Watch: Homo naledi – science, religion, and racism tackled

The discovery of Homo naledi has been met with much criticism – particularly from sectors which denounce the concept of evolution and any idea that humans, especially black Africans, “evolved from monkeys”.

The topic was recently covered on an episode of the SABC’s Question Time, where ANC official Dr Matole Motshekga, from the Kara Heritage Instute, went head to head with Dr Patrick Randolph-Quinney, from the Wits School of Anatomical Sciences, on the matter of humanity’s origins.

Speaking on the show, Dr Motshekga dismissed the Homo naledi discovery, saying it was an attempt by Europeans to reinforce racial stereotypes and extend the narrative of Africans being sub-human.

In turn, Dr Randolph-Quinney explained that the discovery was intended to have the opposite effect, by linking all humans to a common ancestor and removing racial profiling where one race was seen as superior to another.

Scientists spent years researching and retrieving some 1,550 fossils from a cave in The Cradle of Human Kind. The bones, although not yet dated, could provide insight in the the homo genus for as far back as 2.8 million years.

Dr Motsheka’s view has been echoed many by people who have since drawn racial lines in the discovery, compounded further by a religious belief that man came from a Christian God, or religious equivalent.

Despite Dr Randolph-Quinney’s scientific view, Dr Motshekga remained unmoved, saying that black Africans already knew where they came from and it was the white Europeans who were late to the party.

Acccording to Dr Motshekga, Africans have already traced their origins and the origins of the universe, making reference to a number of books, including The Heremetica.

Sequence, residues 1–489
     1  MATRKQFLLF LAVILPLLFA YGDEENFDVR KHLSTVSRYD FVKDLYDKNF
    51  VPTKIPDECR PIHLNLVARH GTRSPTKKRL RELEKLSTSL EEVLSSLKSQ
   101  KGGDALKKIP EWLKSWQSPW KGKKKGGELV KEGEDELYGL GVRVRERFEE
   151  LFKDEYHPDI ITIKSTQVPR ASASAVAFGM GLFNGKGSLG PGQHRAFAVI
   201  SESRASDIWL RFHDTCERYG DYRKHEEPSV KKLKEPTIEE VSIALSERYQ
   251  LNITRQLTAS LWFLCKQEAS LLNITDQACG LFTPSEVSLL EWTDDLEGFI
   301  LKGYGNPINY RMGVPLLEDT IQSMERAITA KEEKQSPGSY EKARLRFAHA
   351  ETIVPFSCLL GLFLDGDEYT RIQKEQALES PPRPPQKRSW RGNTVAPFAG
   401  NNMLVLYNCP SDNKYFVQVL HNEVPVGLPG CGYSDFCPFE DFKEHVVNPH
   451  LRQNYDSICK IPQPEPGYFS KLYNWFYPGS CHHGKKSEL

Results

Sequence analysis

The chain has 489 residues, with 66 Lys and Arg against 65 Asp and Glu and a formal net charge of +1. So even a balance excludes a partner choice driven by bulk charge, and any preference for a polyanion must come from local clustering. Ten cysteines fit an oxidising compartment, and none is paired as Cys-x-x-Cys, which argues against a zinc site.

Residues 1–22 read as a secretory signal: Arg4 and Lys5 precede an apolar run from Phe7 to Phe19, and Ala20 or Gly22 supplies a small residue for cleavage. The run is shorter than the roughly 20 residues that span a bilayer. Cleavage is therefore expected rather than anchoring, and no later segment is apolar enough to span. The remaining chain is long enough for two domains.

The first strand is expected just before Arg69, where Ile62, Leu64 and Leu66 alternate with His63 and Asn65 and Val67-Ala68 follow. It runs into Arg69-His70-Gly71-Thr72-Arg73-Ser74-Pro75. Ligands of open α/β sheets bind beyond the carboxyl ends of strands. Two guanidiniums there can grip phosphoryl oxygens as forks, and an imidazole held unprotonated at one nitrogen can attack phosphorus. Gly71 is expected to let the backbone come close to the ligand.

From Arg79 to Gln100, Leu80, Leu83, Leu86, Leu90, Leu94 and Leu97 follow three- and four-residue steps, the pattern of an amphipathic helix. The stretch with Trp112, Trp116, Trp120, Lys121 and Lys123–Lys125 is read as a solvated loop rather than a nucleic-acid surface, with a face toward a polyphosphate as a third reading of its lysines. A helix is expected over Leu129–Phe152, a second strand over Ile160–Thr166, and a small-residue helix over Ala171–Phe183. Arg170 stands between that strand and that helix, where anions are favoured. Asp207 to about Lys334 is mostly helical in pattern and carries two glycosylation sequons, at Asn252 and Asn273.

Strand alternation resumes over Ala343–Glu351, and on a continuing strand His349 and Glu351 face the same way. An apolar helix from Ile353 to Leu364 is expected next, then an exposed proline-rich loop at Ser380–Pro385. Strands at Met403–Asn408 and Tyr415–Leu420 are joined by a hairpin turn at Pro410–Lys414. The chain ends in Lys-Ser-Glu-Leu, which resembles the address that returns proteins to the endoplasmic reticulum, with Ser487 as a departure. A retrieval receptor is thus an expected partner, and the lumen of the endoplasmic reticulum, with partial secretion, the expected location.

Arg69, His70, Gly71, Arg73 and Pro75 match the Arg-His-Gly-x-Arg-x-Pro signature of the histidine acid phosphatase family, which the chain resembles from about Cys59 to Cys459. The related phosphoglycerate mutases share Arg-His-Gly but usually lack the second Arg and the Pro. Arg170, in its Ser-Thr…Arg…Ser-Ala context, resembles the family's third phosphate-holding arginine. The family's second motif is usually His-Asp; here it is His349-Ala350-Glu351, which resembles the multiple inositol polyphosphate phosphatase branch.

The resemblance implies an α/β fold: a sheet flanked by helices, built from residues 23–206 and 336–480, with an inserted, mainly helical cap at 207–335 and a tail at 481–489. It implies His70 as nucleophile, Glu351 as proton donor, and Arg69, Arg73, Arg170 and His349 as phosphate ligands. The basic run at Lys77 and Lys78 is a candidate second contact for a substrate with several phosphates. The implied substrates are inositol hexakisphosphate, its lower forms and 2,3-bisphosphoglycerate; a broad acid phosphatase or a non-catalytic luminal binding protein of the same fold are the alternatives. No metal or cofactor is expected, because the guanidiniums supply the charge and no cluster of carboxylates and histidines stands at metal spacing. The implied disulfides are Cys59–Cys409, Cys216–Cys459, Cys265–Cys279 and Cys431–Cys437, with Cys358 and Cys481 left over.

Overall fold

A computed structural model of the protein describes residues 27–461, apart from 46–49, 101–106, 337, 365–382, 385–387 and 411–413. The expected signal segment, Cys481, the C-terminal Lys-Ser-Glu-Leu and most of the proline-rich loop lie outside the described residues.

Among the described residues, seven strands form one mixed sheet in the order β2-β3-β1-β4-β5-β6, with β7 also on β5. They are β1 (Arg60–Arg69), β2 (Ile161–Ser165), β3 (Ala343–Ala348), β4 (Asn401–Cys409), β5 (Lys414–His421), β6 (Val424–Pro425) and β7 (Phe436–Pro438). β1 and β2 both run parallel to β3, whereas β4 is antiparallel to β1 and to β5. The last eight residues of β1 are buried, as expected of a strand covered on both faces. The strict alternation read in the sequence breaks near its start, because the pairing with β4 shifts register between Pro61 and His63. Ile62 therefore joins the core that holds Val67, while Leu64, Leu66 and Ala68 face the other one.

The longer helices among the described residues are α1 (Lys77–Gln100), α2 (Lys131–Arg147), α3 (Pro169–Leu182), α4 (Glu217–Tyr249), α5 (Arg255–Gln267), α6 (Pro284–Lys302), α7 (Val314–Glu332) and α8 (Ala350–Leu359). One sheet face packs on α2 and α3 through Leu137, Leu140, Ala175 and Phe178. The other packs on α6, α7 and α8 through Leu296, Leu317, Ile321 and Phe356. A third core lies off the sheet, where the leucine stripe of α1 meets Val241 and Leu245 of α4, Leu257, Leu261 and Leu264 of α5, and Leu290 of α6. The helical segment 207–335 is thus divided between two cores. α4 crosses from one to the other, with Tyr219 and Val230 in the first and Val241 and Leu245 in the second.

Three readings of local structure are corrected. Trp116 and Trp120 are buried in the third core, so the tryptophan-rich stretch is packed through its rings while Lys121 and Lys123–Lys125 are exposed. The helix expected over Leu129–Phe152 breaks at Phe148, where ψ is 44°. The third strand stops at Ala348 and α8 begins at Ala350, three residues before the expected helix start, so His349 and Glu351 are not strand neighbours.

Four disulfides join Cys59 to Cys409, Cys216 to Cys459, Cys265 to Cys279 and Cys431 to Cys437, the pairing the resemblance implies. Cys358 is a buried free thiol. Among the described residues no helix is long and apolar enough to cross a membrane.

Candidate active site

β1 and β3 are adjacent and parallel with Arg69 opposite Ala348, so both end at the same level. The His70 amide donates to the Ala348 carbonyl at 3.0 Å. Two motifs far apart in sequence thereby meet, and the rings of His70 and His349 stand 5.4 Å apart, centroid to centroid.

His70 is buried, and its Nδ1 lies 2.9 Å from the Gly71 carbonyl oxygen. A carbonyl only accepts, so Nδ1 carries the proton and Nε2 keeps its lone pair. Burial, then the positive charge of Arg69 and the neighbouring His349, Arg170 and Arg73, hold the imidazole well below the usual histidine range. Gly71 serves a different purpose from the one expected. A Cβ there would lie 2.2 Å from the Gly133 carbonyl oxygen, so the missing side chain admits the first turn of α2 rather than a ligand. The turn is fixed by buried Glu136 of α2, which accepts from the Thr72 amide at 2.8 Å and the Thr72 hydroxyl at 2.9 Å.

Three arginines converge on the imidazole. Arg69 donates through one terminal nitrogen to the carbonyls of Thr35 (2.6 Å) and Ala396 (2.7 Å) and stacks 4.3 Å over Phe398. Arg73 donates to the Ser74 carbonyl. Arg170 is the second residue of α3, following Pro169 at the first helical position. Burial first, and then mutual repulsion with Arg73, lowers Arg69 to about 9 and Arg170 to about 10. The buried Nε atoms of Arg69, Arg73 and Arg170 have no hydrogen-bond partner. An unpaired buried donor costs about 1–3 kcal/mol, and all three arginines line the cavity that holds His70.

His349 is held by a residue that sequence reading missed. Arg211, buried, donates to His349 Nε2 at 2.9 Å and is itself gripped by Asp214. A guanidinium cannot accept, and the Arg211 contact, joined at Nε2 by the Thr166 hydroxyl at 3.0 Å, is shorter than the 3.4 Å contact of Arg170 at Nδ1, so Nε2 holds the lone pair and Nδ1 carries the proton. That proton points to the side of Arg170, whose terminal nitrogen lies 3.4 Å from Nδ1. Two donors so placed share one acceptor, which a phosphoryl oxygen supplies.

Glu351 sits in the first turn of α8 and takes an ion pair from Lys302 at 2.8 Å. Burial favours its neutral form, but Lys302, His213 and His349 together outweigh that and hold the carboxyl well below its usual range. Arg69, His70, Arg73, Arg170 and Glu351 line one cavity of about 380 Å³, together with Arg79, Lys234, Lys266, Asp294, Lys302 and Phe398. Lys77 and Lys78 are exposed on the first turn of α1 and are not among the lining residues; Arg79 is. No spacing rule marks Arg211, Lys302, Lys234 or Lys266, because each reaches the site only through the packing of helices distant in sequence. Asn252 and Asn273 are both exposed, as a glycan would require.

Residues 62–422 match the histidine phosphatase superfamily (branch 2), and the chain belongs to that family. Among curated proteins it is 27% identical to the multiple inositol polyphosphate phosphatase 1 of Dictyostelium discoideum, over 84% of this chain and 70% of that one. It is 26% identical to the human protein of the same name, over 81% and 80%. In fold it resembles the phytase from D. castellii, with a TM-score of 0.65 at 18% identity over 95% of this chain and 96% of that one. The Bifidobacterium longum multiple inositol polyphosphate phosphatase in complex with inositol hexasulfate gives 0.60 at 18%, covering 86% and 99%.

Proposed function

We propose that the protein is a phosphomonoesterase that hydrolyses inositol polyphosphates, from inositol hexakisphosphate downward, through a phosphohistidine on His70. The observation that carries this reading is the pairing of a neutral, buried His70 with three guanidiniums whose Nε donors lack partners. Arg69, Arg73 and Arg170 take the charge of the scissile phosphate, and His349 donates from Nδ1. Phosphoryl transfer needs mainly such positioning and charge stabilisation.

The Heremetica, or The Corpus Hermeticum, is an ancient set of texts containing Egyptian and Greek wisdom, dating back to the 2nd and 3rd century AD.

The texts purport to represent a non-Christian lineage of Hellenistic Gnosticism – a pre-Christian origin story from the Hellenstic period (300 BC).

Africa's true ancestor, according to Dr Matole Motshekga
Africa’s true ancestor, according to Dr Matole Motshekga

“Africa has a picture of the oldest, most ancient human beings that originated on this continent – and that human being is claimed to have been in the image of God, and he’s not a chimpanzee.”

“Europeans don’t have a record of their history and their ancestors – they’re looking for their next ancestor, and they found their ancestor in the baboon.”

“They want us to share that ancestor. We can’t share that, because we have our ancestor.”

When asked if God features in the science, Dr Randolph-Quinney opted to sit on the fence. “I’m agnostic… you cannot prove or disprove,” he said.

You can watch the full segment in the video below.

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Watch: Homo naledi – science, religion, and racism tackled